THE BLACK HOLE
There are, of course, nuances to formulating a budget, and it’s highly advisable to consult with someone who is experienced and understands the politics of the department you are applying to before committing. To help, I’ve asked my friend Damien Wilpitz of Experimental Design Consulting to contribute a number of articles on the details of […]
Last week, I stumbled across a Princeton professor’s oddly entitled “CV of failures” (PDF) and obviously I fancied a click-through to give it a look. It, and its accompanying introduction from Johannes Haushofer, were a good read and an even better reality check. As he says in this introduction, “failures are often invisible” and I […]
In this guest post, Damien Wilpitz details how to negotiate a start-up package that reflects your needs.
David Kent breaks down an eLife article that suggests peer review scores cannot distinguish very good grants from excellent grants. In fact, at a certain point in the process, it is pretty much a random lottery.
“If the facts don’t fit the theory, change the facts.” – Albert Einstein “In any dispute the intensity of feeling is inversely proportional to the value of the issues at stake … That is why academic politics are so bitter.” – Wallace Stanley Sayre (Sayre’s law) To read the previous articles in this series […]
Before I get into recapping the last few months of activity on the blog, I want to make a plea to all Canadian postdocs to fill out the 2016 survey of Canadian Postdoctoral Fellows. Last time (in 2013), the survey made big waves capturing the views of nearly 2,000 Canadian postdoctoral fellows. Major findings included that […]
The most difficult thing is the decision to act, the rest is merely tenacity. The fears are paper tigers. You can do anything you decide to do. You can act to change and control your life; and the procedure, the process is its own reward. – Amelia Earhart To read the previous articles in this […]
Over the past few months I have been doing some semi-regular teaching at the undergraduate level. It’s been a while since I have taught, aside from an odd lecture here or there. However, one thing has become very clear to me: the further I go in research, the less I’m meant to teach the next […]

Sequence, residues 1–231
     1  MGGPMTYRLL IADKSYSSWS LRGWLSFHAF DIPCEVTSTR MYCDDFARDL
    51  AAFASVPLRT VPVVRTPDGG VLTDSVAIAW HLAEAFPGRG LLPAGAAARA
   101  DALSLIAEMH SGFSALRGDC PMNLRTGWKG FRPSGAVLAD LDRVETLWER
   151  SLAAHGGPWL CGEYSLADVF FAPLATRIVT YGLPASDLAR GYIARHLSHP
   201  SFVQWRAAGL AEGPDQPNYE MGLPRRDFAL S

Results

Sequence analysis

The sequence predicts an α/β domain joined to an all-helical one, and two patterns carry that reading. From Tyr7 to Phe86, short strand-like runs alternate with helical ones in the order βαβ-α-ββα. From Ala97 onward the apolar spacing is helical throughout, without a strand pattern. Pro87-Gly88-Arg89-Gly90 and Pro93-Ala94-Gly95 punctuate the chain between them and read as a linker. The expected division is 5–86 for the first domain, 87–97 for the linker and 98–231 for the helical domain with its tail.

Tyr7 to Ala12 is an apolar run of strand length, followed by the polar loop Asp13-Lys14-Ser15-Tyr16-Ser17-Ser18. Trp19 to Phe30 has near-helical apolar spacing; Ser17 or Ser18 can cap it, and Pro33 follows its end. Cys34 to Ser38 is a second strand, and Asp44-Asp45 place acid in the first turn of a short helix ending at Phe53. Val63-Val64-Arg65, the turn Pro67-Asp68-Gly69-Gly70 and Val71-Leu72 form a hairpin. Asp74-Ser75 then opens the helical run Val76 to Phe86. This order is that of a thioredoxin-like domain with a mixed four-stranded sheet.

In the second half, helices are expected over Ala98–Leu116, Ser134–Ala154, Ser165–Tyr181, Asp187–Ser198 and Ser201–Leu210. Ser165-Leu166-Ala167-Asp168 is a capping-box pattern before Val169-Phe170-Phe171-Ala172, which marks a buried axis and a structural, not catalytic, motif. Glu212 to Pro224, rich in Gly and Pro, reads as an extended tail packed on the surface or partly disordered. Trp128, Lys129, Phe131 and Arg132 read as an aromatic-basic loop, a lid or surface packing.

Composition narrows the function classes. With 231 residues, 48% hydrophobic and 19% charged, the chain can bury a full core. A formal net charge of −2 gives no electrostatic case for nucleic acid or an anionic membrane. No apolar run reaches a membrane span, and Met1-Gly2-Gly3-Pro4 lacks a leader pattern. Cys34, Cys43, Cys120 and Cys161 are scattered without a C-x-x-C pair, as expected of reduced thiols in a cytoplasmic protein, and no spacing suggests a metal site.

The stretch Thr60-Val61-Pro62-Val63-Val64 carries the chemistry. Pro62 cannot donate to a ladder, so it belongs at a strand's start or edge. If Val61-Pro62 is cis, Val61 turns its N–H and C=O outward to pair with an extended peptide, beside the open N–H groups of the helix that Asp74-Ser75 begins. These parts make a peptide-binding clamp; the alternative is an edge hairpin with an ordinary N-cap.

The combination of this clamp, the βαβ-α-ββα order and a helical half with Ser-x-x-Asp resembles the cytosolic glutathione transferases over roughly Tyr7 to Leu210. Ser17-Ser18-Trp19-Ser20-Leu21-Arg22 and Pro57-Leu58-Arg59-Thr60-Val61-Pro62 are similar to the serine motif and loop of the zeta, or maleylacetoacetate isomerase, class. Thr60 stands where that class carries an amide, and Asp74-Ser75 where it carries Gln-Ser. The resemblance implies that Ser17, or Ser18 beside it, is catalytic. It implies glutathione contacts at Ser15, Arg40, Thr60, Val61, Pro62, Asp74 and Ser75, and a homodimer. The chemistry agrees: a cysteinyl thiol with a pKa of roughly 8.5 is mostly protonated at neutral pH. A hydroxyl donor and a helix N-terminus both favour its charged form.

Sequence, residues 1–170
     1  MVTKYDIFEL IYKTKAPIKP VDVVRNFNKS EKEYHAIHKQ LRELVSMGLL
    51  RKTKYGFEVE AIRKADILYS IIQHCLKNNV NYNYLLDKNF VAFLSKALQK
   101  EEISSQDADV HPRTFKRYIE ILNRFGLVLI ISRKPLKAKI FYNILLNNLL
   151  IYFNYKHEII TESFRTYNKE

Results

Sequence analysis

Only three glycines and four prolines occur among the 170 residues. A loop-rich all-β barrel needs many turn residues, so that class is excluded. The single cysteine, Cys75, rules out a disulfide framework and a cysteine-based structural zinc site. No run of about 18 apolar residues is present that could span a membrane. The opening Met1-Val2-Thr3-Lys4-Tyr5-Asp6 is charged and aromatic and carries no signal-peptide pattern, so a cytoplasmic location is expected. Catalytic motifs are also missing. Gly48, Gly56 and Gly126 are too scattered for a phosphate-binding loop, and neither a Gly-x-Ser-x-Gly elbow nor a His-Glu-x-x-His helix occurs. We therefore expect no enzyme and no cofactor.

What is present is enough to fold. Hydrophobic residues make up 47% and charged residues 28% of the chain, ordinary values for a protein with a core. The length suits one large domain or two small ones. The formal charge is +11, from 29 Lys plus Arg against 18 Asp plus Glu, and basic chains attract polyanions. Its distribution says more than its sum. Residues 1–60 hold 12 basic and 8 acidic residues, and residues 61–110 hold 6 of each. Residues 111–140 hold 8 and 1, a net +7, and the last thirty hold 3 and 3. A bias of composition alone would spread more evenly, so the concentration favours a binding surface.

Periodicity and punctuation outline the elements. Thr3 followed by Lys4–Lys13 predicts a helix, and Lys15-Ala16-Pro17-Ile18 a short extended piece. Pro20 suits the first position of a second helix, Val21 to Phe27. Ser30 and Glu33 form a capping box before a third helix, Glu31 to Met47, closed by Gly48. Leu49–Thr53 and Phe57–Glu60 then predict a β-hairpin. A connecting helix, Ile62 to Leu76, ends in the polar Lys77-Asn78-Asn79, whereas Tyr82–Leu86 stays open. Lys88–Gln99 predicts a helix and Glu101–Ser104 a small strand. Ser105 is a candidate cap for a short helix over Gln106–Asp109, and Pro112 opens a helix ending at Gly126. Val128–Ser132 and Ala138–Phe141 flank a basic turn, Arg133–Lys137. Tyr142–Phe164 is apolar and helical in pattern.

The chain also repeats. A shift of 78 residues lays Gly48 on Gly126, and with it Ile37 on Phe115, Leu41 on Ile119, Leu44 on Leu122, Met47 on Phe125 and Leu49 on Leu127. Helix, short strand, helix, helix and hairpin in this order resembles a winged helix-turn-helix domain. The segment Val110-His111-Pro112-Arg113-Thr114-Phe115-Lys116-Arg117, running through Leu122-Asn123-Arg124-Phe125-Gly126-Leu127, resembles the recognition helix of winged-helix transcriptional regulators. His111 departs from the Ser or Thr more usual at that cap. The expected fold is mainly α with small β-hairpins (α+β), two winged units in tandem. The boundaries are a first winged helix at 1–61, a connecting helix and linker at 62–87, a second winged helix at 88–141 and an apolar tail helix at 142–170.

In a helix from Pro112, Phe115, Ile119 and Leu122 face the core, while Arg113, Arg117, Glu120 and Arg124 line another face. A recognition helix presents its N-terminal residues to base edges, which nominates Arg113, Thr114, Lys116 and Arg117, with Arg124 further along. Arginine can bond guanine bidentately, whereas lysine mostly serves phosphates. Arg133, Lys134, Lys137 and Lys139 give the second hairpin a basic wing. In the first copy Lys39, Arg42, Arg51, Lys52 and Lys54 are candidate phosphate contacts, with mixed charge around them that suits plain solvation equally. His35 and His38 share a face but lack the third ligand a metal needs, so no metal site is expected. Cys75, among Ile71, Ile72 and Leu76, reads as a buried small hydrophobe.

To read the previous articles in this series please visit the links below: The door to an academic science career – open or closed? Commencing the academic job search – impetus and deadlines The academic job search – getting your foot in the door Preparing your application package for an academic job Preparing for the […]
Let’s focus our evaluations on the research rather than the person completing it.
A test of what is real is that it is hard and rough. Joys are found in it, not pleasure. What is pleasant belongs to dreams. – Simone Weil To read the previous articles in this series please visit the links below: The door to an academic science career – open or closed? Commencing the […]
Focus your efforts and don’t waste other people’s time.
If you are not sure what you want to do for a living, that message comes out loud and clear in the interview. To read the previous articles in this series please visit the links below: The door to an academic science career – open or closed? Commencing the academic job search – impetus and […]
I’m being applauded for taking parental leave, yet my partner – also a scientist – faces the usual obstacles for her maternity leave.
Most importantly: remember your audience.
Jonathan and I want to wish our readers a very happy new year. In 2016 we want to continue to expand the back and forth with readers as we compile things for our book based on Black Hole ideas and discussion. We’re delighted to be working with superstar editor Angela Jameson Potts on getting these […]
There are problems with academic science. We all know this to be true. After roughly eight years of maintaining The Black Hole blog, and three decades having experienced academic science from the ground up — as curious kids, volunteers, undergraduates and then graduate science students, postdoctoral fellows, instructors, professors, thought leaders and mentors — Dave and I have accumulated a comprehensive […]
Last week, a series of articles came out in Nature that highlighted the need for urgent change in PhD education. This is not a new call, but in one of the articles, Julia Gould does an excellent job of drawing attention to some serious efforts that are underway to both understand and address the problem. […]
We don’t know where our first impressions come from or precisely what they mean, so we don’t always appreciate their fragility. – Malcolm Gladwell To read the previous articles in this series please visit these links: The door to an academic science career – open or closed? Commencing the academic job search – impetus and […]
In my last post, I alluded to a wish list for our new government that would “inspire change across a country that has become, in international eyes, a non-supportive scientific environment.” When I began my PhD in 2003, there was much more liveliness in the science community of Canada: people had bold ideas for how to create vibrant scientific research […]